Sunday, March 20, 2011

Prisoners in the Palace

Prisoners in the Palace by Michaela MacColl
Chronicle Books, 2010
352 pages
YA; Historical Fiction
4.5/5 stars

Source: Library

Summary: Liza was orphaned before she was able to enter Society, leaving her flat broke.  However she is fortunate enough to gain a position as lady's maid to Princess Victoria, catapulting her in to a world of intrigue and suspicion at Kensington Palace.  Caught between worlds, Liza must forge her own path and future.

I alternated a lot over whether I liked the portrayals of Liza and Victoria in this novel.  On the one hand, Liza was not that grand of a lady no matter what she wants to think; on the other hand, she's an orphan struggling to make her way in the world.  On the one hand, Victoria grows up to be a great queen and hints of compassion appear here; on the other, she's so mercurial and almost always self-absorbed.

I'm somewhat familiar with Victoria's childhood, especially with the villain Sir John Conroy who would stop at nothing to increase his influence over her as he had over her mother.  Whether he can be in charge of her correspondence, her purse, her throne, whatever, he wants it.  He knows no shame and was a fantastic character!  His plotting drives the main plot, culminating in a suspenseful ending before Victoria's ascension. Albert, future husband to Victoria, also makes a brief appearance; he is a prig and distinctly unworthy of her as presented at this point.  I personally am not a big fan of Albert ever but she loved him.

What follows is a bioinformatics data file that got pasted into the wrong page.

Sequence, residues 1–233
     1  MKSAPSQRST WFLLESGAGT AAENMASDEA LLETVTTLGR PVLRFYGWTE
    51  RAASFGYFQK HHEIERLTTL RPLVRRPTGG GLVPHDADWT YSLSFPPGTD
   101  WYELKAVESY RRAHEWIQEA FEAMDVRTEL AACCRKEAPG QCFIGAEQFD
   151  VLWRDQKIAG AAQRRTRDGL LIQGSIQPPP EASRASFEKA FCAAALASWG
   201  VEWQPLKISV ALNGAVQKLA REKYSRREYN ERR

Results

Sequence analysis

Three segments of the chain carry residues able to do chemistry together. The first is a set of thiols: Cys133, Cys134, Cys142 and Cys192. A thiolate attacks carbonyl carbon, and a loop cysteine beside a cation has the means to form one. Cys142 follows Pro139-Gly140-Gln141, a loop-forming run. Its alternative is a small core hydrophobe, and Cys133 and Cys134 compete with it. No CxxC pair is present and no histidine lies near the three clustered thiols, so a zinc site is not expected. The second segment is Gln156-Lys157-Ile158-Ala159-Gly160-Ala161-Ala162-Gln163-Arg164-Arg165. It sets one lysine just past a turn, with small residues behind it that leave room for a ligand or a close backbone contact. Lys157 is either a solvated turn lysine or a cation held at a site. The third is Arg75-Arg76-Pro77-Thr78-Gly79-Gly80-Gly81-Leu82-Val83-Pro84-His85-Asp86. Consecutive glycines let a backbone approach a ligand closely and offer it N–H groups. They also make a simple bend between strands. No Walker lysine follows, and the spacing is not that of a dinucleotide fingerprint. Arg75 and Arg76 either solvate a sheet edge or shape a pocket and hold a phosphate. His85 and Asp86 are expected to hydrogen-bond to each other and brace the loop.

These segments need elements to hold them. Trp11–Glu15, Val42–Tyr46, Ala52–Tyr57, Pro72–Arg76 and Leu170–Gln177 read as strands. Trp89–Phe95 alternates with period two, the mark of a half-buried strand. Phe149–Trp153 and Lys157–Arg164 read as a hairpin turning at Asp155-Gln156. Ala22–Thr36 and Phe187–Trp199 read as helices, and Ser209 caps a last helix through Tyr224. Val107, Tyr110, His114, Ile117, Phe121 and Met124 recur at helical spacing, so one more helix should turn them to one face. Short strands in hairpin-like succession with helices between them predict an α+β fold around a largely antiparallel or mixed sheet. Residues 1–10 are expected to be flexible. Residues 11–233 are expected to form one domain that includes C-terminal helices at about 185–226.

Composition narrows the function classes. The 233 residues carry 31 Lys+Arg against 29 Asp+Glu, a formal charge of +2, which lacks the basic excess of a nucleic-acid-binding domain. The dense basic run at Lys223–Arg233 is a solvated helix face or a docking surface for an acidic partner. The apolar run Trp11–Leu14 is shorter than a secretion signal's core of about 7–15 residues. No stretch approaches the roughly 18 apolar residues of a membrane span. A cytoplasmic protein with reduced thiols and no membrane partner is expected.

But there are also entirely fictional if representative characters.  Annie, Liza's predecessor as lady's maid, loses her position due to a pregnancy and suffers a huge downward spiral as I'm sure many women did, confronted with the social mores of the period and the lechery of upper-class men.  Will is a newspaperman and friend of Liza's whose broadsheets help inform public opinion.  Inside Boy, one of my favorite characters, is an urchin who teaches the colorful street patter and also aids Liza when in dire straits.  They added considerable color and fun to the novel, balanced against the more serious degradations suffered by Victoria from her mother and Sir John.

Overall: I really enjoyed this book except for some annoyances with Liza.

Cover: This is a gorgeously designed book-even if historical fiction isn't your thing, I recommend examining it at a store.  The back is designed like a newspaper with a combination of stories about the actual novel and blurbs from authors and the inside is also beautiful.


  1. I'm not sure the characterisations of Victoria and Albert are entirely correct in this novel. Perhaps some things about them were changed to fit the novel. However, this does sound interesting. I love this time period and I'm sure Conroy is a great villain of this piece.

  2. I've heard such wonderful things about this book. Glad to hear you enjoyed it as well. I didn't realize the book was so physically attractive. The cover never really grabbed me, but now I'm even more interested in getting my hands on a copy to see it in person.


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